In light of this year’s rise in protests on college campuses nationwide, the University of California at Los Angeles’ annual campus survey, “The American Freshman,” found the highest number of students who said they expected to participate in protests in the 50 years since the report’s conception.
The survey, a national study of the American higher education system, which began in 1966, is conducted in the fall by UCLA’s Cooperative Institutional Research Program of the Higher Education Research Institute. For this year’s report, “The American Freshman” was conducted at 200 universities, including Georgetown, with around 140,000 participants. Universities were self-selecting, and the survey only applied to freshmen.
In 2014, 5.6 percent of students stated that they were likely to participate in a student rally while in college. That number jumped to 8.5 percent of students in 2015, an all-time high. Black students surveyed were most likely to participate in a protest — with one out of six responding affirmatively. Areas of particular interest for students include high tuition costs, race, student debt and sexual assault.
Additionally, students’ political inclinations have shifted. A third of students identifies as liberal or far left, the most since 1973. Approximately one in five said they were conservative or far right, a decline from one in four in 2006. Of all students surveyed, 60 percent indicated they were likely to vote, an increase of 10 percent from last year’s findings.
Reported interest in global involvement along with a desire to help others has also increased sharply., with 74.6 percent of students stating that helping others was a personal objective, 39.8 percent responding that becoming a community leader was an essential life objective and 59.2 percent stating they aimed to deepen their understanding of other countries and cultures.
CIRP Director Kevin Eagan said the findings are an indication of increased student community engagement.
“What’s encouraging to me and what was somewhat surprising, given how drastically these numbers increased, is just a genuine interest students seemed to be taking in the world around them, and in particular issues affecting their local community,” Eagan said.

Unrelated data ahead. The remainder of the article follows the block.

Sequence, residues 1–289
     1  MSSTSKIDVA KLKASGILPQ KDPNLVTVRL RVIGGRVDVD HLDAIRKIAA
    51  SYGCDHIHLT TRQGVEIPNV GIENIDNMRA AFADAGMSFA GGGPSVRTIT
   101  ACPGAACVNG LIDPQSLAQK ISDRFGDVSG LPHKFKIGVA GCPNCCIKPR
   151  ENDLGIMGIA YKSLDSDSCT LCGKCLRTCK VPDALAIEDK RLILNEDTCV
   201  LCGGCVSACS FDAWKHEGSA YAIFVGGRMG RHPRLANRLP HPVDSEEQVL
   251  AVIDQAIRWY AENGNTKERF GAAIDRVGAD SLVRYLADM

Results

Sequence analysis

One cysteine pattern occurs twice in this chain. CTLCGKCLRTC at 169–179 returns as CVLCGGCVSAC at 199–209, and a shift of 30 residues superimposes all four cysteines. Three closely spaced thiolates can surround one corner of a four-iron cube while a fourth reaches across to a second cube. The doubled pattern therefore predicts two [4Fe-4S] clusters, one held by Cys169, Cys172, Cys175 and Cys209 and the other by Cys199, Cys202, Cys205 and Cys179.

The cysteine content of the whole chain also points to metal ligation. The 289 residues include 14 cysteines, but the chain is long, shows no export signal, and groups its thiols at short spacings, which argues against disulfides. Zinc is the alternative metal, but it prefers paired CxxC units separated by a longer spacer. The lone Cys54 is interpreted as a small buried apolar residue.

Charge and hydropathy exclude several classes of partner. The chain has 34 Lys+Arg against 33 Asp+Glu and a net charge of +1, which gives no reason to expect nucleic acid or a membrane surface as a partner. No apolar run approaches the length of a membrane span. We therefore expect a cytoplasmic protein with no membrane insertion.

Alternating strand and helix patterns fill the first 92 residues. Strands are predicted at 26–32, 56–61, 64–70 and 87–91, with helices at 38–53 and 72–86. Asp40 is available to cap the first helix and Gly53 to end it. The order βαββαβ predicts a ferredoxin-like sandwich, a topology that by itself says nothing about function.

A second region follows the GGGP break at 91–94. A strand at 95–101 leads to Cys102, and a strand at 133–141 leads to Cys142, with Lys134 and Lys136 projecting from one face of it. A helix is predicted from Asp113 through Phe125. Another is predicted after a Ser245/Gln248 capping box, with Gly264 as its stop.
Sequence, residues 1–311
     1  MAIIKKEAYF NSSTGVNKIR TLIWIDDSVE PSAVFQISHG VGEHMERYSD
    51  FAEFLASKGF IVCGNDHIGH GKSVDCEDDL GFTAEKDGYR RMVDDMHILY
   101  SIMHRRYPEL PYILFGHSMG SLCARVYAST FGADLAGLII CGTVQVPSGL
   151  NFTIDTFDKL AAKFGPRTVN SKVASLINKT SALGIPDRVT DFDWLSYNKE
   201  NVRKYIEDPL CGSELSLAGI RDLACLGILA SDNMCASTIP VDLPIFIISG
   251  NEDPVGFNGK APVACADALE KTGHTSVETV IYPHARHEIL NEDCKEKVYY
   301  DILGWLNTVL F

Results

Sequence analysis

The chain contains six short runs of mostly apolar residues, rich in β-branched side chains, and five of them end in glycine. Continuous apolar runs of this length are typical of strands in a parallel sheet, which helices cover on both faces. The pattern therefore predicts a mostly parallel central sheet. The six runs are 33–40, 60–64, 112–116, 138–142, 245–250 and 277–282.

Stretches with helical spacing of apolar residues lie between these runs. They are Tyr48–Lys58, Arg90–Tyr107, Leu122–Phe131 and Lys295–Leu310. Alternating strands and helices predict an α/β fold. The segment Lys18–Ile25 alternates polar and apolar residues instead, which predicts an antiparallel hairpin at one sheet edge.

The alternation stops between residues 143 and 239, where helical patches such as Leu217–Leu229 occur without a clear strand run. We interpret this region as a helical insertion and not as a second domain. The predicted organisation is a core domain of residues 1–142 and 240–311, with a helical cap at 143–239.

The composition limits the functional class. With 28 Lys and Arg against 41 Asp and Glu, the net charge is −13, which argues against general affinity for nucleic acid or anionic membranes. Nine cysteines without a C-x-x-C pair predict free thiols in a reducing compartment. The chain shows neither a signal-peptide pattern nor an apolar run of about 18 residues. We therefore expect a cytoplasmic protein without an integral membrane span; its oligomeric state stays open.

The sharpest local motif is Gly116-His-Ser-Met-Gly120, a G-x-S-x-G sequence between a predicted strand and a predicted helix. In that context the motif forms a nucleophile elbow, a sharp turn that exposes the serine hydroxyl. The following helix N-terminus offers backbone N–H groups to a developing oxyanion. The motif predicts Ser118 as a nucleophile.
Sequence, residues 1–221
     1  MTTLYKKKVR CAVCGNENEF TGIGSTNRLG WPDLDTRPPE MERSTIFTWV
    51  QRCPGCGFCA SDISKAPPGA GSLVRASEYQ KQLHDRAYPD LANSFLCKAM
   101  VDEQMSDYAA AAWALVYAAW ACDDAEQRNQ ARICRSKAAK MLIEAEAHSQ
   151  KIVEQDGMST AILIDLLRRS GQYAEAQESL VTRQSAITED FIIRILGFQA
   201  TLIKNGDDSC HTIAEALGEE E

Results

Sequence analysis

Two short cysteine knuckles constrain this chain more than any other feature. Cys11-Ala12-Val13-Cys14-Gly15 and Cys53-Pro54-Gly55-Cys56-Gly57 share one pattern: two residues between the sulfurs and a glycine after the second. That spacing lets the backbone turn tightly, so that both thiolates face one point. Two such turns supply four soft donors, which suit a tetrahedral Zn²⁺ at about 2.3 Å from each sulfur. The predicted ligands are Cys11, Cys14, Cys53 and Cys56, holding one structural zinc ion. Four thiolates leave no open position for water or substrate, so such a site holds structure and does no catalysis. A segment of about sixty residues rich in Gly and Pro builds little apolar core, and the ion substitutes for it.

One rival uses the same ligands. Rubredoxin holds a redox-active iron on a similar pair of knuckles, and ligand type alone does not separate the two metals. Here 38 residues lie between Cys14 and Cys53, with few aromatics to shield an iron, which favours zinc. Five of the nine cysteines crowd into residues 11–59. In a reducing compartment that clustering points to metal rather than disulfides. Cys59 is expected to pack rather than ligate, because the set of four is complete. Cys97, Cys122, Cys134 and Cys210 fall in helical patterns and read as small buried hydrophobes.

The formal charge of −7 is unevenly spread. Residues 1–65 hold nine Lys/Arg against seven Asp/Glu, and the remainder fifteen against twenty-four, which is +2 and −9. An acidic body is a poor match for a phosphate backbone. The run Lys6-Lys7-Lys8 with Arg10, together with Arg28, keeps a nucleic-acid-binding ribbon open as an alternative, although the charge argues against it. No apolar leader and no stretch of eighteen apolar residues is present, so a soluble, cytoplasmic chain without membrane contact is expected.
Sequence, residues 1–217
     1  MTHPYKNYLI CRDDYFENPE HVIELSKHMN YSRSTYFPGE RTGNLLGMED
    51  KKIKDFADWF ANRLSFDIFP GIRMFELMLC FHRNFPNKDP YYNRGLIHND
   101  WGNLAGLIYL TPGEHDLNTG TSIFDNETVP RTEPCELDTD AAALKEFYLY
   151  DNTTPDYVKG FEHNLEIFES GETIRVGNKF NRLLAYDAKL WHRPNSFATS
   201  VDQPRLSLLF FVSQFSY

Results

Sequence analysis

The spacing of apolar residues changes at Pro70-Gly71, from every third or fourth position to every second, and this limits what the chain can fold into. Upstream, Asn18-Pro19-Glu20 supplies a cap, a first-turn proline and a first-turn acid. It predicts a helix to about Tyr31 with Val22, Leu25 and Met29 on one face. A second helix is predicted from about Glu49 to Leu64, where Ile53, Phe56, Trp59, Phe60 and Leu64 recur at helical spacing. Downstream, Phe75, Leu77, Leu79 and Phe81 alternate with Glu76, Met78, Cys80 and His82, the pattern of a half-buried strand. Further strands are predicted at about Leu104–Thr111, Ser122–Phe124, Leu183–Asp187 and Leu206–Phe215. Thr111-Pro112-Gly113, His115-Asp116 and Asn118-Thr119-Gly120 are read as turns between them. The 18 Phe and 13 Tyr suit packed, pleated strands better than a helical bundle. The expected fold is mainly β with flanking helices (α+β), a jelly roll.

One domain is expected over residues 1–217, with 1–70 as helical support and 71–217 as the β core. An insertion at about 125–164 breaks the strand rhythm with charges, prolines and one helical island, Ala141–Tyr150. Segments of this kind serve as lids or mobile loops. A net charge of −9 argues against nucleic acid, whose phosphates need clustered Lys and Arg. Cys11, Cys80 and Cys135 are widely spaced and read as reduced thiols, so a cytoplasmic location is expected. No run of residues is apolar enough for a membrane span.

Eagan added that though the report indicates a rise in interest in campus student protests in the coming years, this does not necessarily indicate that students will act on these interests.
“I think that having an interest in these kind of issues is one thing, and I will be very interested in following these students during their college careers to understand whether any of these interests actually lead to action,” Eagan said. “Given that the students tell us that they’re incoming freshmen, that they were very likely or they thought they were very likely to protest in college, do those students actually end up going to participate in a protest while in college?”
College campuses across the country saw student demonstrations this past fall, including the University of Missouri, Harvard University, Yale University, Ithaca College and Claremont McKenna College.
At Georgetown, students organized a rally and a sit-in outside the Office of the President in November 2015 in solidarity with University of Missouri students, who began protesting against racial injustices at their institution last September. One day after the sit-in began, the Georgetown Board of Directors and President John DeGioia approved the renaming of Mulledy and McSherry Halls to Freedom Hall and Remembrance Hall, respectively.
Additionally, DeGioia proposed an African American studies department and major as well as a center for racial injustice research Feb. 4, addressing some of the demands of the students who conducted the sit-in.
Georgetown’s Black Student Alliance member Symone Wilson (COL ’19), who took part in last fall’s sit-in, said protests are more effective in initiating action than conventional discourse.
“If you just talk and talk and talk and never do anything and never exert pressure on the authorities, which you want to change, they will take it that you’re not serious and that they can disregard your demands,” Wilson said. “So I think that protests are super effective.”
Wilson cited the rally and sit-in as an example of a protest that successfully facilitated change.
“The Working Group on Slavery and Reconciliation at Georgetown, which had been in effect for a couple of months, they had had meetings and promised to change the names of things like Mulledy Hall, but it hadn’t happened yet,” Wilson said. “But then after the sit-ins at the president’s office, a day afterwards, the names were changed.”
Campbell James (SFS ’17), president of GU Pride, which hosted a solidarity event during the counter-protests against Westboro Baptist Church last April, emphasized the importance of campus protests as a means of making positive progress.
“Protests are fantastic ways of gaining attention for a specific cause if students have a plan of action that they want to implement already, not just protesting campus climate without something to change,” James said.
Charles Johnson (SFS ’19), member of Georgetown University Fossil Free, which has organized numerous protests for university divestment from fossil fuels over the past year, agreed that protesting garners the attention of administrators, an important component of enacting change. Johnson highlighted this as a central aim of GUFF’s annual Earth Day rally held in April.
“We definitely feel that this rally will have a tangible effect in getting our message across to the administration,” Johnson said. “Whenever students are showing to be in solidarity it definitely makes the administration feel like they have more incentive to actually act in the best interest of the students.”
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